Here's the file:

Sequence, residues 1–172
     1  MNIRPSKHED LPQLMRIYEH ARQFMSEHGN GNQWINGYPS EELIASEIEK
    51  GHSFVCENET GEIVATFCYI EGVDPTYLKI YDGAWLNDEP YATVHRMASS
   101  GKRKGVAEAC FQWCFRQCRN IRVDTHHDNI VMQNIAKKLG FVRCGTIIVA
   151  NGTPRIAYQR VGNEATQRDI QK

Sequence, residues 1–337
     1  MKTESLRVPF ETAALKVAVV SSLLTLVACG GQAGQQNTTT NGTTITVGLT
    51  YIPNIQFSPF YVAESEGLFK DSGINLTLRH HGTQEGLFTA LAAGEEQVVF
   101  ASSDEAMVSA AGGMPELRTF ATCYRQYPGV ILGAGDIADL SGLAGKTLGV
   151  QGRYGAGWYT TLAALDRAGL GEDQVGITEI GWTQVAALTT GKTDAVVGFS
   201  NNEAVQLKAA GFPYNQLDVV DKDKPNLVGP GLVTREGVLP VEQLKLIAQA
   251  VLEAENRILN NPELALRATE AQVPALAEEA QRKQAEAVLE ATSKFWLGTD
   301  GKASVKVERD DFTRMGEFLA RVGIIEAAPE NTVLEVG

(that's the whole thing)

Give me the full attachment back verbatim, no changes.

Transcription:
Sequence, residues 1–172
     1  MNIRPSKHED LPQLMRIYEH ARQFMSEHGN GNQWINGYPS EELIASEIEK
    51  GHSFVCENET GEIVATFCYI EGVDPTYLKI YDGAWLNDEP YATVHRMASS
   101  GKRKGVAEAC FQWCFRQCRN IRVDTHHDNI VMQNIAKKLG FVRCGTIIVA
   151  NGTPRIAYQR VGNEATQRDI QK

Sequence, residues 1–337
     1  MKTESLRVPF ETAALKVAVV SSLLTLVACG GQAGQQNTTT NGTTITVGLT
    51  YIPNIQFSPF YVAESEGLFK DSGINLTLRH HGTQEGLFTA LAAGEEQVVF
   101  ASSDEAMVSA AGGMPELRTF ATCYRQYPGV ILGAGDIADL SGLAGKTLGV
   151  QGRYGAGWYT TLAALDRAGL GEDQVGITEI GWTQVAALTT GKTDAVVGFS
   201  NNEAVQLKAA GFPYNQLDVV DKDKPNLVGP GLVTREGVLP VEQLKLIAQA
   251  VLEAENRILN NPELALRATE AQVPALAEEA QRKQAEAVLE ATSKFWLGTD
   301  GKASVKVERD DFTRMGEFLA RVGIIEAAPE NTVLEVG